Not all friendships work out. We all can’t be the sisterhood of the traveling pants, okay? Sometimes somebody (with bad taste) just decides you suck. If you’re fortunate, a friendship fizzles out slowly and imperceptibly, without any awkward requests to get that cardigan back. If you’re not-so-fortunate, your friendship is going to end in either one or a series of small confrontations. We can’t avoid breaking up with our friends or getting friend-dumped. But we can apply some rules of engagement so it’s not a complete and utter shitshow, like many a romantic breakup.
Allow me to add an honorary attachment to the Girl Code (although this certainly applies to male friends, too):
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Sometimes the worst thing about having a fight with the person you’re dating is not that you’re fighting, or even what you’re fighting about; it’s about not understanding each other’s fighting style. Because whenever we fight, we go into our lizard brain default mode and before we know it we’re on autopilot going off on how he’s going to overcook the rice again and now he’s doing that annoying sympathy seeking thing. Fine! I’ll never cook rice again! You’ll be the only one ever allowed to cook rice since you’re the expert at it. How’s that? And … we’re off!
Geez, how did you end up here when all you really wanted to tell him was that your grandma taught you a special rice cooking trick that he might like to try? No matter how naturally compatible you are when you’re getting along, chances are, especially in the early days of your love, you’ll have to work at being compatible in the fighting department. That’s the tricky part — identifying your S.O.’s fighting style and learning to hear what he’s really saying about the rice. Below, some common fighting styles and some tips for dealing with them. Keep reading »
“I was lawyering the shit out of the situation. I was like, ‘You know what? Will you just come here and fuck me?’ And he was like, ‘Wha-wha-what?’ I was like, ‘Yeah! I’m done fighting. Just come here and fuck me — that’s all this is about.’ He was like, ‘OK!’”
--Pink, on how she ended a six-hour fight with husband Carey Hart by changing her mind and opting for sex instead. She later goes on to explain in her Advocate interview that the fighting happens because”It’s usually that you feel vulnerable, that you feel powerless, that you feel out of control, that you feel scared,” she explains. “I’m a pit bull, but I’m a toothless pit bull. I will totally attack, but I just really wanted you to rub my tummy. Why when I bite you do you not understand that I just want you to rub my tummy?” [The Advocate]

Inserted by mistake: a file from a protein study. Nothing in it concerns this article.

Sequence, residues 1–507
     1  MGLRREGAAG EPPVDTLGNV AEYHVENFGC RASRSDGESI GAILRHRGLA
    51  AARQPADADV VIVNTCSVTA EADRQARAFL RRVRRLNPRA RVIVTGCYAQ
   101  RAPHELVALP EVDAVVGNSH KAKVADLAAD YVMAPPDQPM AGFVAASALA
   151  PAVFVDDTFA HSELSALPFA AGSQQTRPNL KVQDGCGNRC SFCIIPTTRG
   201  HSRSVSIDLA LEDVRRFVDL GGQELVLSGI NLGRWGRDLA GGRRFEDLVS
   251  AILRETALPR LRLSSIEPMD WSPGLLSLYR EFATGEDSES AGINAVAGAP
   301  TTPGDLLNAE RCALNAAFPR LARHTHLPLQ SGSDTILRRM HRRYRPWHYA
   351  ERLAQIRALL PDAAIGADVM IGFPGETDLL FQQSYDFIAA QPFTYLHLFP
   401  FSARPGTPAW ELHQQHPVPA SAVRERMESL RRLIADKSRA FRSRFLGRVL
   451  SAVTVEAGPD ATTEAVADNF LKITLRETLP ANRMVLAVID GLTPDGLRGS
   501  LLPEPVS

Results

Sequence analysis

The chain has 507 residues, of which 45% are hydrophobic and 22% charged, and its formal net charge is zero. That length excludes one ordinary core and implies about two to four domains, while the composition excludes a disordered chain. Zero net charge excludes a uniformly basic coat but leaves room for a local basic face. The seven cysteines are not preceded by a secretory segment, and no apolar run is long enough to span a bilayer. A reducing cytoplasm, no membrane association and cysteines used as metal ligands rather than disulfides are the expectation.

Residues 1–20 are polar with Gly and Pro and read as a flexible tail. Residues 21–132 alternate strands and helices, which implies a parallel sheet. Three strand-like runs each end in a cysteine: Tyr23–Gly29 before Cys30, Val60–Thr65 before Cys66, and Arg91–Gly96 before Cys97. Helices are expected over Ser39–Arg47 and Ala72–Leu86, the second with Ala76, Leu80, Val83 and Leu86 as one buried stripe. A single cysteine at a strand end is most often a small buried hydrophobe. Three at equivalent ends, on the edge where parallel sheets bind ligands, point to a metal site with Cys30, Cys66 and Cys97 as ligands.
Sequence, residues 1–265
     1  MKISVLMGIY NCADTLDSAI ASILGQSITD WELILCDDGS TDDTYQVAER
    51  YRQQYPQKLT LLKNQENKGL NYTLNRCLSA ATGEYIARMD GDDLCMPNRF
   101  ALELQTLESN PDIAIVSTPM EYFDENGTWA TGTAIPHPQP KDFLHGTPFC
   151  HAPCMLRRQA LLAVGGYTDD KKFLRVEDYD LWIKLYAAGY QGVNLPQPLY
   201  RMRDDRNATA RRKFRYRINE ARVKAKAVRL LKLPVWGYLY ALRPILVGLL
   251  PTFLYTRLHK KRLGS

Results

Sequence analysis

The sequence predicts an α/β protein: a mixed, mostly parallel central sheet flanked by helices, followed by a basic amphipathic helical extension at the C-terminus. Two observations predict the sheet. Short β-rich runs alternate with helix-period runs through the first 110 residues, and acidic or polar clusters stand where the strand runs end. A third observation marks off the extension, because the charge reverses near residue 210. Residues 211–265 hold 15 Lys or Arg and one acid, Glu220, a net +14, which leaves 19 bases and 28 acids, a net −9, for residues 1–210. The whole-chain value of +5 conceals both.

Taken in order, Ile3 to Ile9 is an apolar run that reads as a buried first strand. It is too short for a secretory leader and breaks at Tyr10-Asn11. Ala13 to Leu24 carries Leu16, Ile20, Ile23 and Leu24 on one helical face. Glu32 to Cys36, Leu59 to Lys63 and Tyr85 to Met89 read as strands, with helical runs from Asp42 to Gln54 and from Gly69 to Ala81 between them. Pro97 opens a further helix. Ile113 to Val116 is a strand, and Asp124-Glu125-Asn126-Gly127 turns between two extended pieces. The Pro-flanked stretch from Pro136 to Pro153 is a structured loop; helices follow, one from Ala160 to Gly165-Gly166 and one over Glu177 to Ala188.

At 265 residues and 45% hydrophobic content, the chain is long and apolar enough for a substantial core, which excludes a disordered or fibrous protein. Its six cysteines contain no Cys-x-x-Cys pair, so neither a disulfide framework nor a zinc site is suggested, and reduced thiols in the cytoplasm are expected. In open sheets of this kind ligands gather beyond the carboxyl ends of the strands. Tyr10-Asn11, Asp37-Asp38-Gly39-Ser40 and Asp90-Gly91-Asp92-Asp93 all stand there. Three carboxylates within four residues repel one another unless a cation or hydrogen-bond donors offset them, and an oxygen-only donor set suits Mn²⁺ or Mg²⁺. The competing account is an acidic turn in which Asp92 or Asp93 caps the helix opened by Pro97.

Relationships: so great when they start out, but if you’re not careful, they can quickly devolve into a maniacal battle of wills with hurt feelings and damaged egos. All couples fight (okay, most all couples fight), but it’s how you fight that can really define whether or not your relationship is going to work. And there are certain things you can say that can transform a minor tiff into a major explosion.
Nobody is immune: Women are equally capable of doing and saying damaging things in a relationship. Which is why I’ve compiled this list of phrases you should try to avoid including in your fight vocabulary. Check it out, and tell us what you think should be added to the list!
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Couples fight. We know this. Even the most functional couples have spats now and again. Relationship fights, they happen.
However, there are many relationship fights that happen that can be avoided. Because let’s face it — the more stress and fighting a relationship has, the less enjoyable it is.
Here are some common relationship fights and how to (hopefully) avoid them. Read more…
Last month, my husband Jason and I had our fiercest argument ever. In our six-year history, I have accepted that occasional spats are part and parcel of every couple’s attempt to weave two independent lives into one harmonious fabric of existence. Even marital vows oblige us to respect the glaring reality of love’s peaks and troughs, as we openly recite “through good times and in bad” like an ominous premonition.
However, this bad time was as explosive as a nuclear bomb. Jason made himself scarce and I refused to speak to him for almost three days. After our respective time-outs, our cooler selves regretted hurt feelings and longed to reclaim the sense of closeness forbidden by our passive aggressiveness. After a long deep and meaningful conversation, our mess was sorted, apologies were exchanged, and our issues were put to rest. Life has marched forward since, but my spiritual side insists that there is a life lesson to be learned. Do inevitable outbreaks of oral fireworks light up the relationship landscape or inescapably end in matrimonial discord? Likewise, is there an acceptable level or frequency of conflict all relationships should abide by, or should conflict be subjected to a zero-tolerance policy?
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